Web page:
This section requires that the elements or physical items that will be part pf a completed project are selected from standardised tables and listed against each responsible designer.
There are various classifications that can be used for this purpose such as Omniclass, Uniclass 2 and Uniclass 2015. We have where possible selected Uniclass 2015 as our classification of choice and this example refers to Uniclass 2015 systems table.
At the early stages of a project it’s not unusual for a project to have only an outline definition. However, all know elements should be selected from the classification tables and added to the MPDT.
Uniclass 2015 is setup in a way that elemental descriptions are hierarchical becoming increasingly specific and defined. The early stages of a MPDT for a project will usually start with the higher level items such as:
|Ss_25_30_20||Door, shutter and hatch systems|
Rather than immediately going into specific definitions for each of the above such as:
|Ss_25_30_20||Door, shutter and hatch systems|
|Ss_25_30_95_26||External window systems|
|Ss_25_45_88_88||Terrazzo walling tiling systems|
In this example table each project element is listed below each designer responsible for producing model information.
This does result in many of the entries being added more than once, for example where a subcontractor with design responsibility provides detailed information for the technical design. But, it makes it easier for each designer to clearly see their responsibilities.
Completing the Table with LOD and LOI
We are now at the final task for the completion of the table, providing clarity over the LOD and LOI required at each project stage.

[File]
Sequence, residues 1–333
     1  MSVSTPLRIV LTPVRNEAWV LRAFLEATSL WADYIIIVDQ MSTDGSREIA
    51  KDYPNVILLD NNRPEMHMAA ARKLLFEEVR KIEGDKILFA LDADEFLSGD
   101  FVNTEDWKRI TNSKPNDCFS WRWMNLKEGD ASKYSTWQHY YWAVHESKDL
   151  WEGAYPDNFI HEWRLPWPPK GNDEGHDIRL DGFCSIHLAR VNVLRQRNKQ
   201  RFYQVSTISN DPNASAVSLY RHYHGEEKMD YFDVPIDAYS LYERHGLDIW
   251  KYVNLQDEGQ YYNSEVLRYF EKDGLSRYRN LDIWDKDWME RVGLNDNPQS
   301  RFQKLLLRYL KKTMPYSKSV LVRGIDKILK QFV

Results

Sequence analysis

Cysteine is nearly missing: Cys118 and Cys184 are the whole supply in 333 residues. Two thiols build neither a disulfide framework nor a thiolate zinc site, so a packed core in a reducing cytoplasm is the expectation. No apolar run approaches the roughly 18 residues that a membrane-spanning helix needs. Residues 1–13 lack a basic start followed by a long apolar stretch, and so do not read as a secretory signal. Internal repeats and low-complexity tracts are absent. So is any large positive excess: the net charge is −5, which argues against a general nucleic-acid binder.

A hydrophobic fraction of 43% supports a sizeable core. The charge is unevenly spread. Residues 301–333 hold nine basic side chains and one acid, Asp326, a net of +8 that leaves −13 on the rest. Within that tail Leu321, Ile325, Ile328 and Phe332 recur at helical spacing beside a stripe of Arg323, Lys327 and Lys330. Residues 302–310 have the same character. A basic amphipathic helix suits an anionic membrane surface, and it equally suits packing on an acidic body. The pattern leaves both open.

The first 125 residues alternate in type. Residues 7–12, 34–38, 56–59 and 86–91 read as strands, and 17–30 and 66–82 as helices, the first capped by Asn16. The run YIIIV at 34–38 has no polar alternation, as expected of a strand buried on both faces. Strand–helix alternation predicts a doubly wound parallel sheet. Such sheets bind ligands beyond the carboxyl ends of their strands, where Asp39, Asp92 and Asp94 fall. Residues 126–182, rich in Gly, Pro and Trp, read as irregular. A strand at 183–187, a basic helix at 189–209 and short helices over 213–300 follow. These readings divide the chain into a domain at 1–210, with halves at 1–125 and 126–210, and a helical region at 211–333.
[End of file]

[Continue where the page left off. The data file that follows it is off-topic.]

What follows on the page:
The table used in this example provides separate requirements for LOD and LOI at each stage, as this provides additional clarity over the requirements.
LOD and LOI define the complexity within a model. Each project will require clear definitions of what is expected in the way of LOD and LOI, the definitions will be provided within the project EIR and BEP. If you are starting out on your BIM journey it’s a good idea to use established definitions such as those within PAS1192-2 or the BIMForum LOD specification. However, it’s not unusual to alter the standard definitions to provide a better fit for specific projects. But, any adjustments to standard definitions should be made really clear, to ensure that designers do not assume the default requirements.
It’s now a matter of completing the table for each designer to list out the LOD and LOI required at each project stage. This is not a simple task and it should not be attempted in its entirety at the early stages of a project. Instead the table should evolve and be refined as more project information becomes available. There are many factors that will alter the information within the table such as:
- Procurement routes (design and build, traditional, 2-stage, novated designers etc)
- Programme, as the programme develops the timing of the release of information may need to be altered
- Specialist Designers, what specialists are needed and when information is required
Using the Table
One of the main goals of BIM is to encourage and enhance collaboration between stakeholders. As with all of the key BIM control documents, these should be produced in collaboration with those required to deliver the information. This will ensure that the requirements are achievable, they are seen as a common goal and stakeholders understand the impact of providing information on other designers.
The table should be monitored regularly with any updates made available to the wider team.
Where dates are not achieved (or ideally risks of not achieving the dates are flagged in advance), the reasons can be investigated and understood leading to the development of mitigation measures.
I hope that the above information has provided an insight into the importance of the MPDT for all BIM projects and a route to developing a table.
If you have any helpful comments or require more information please let me know.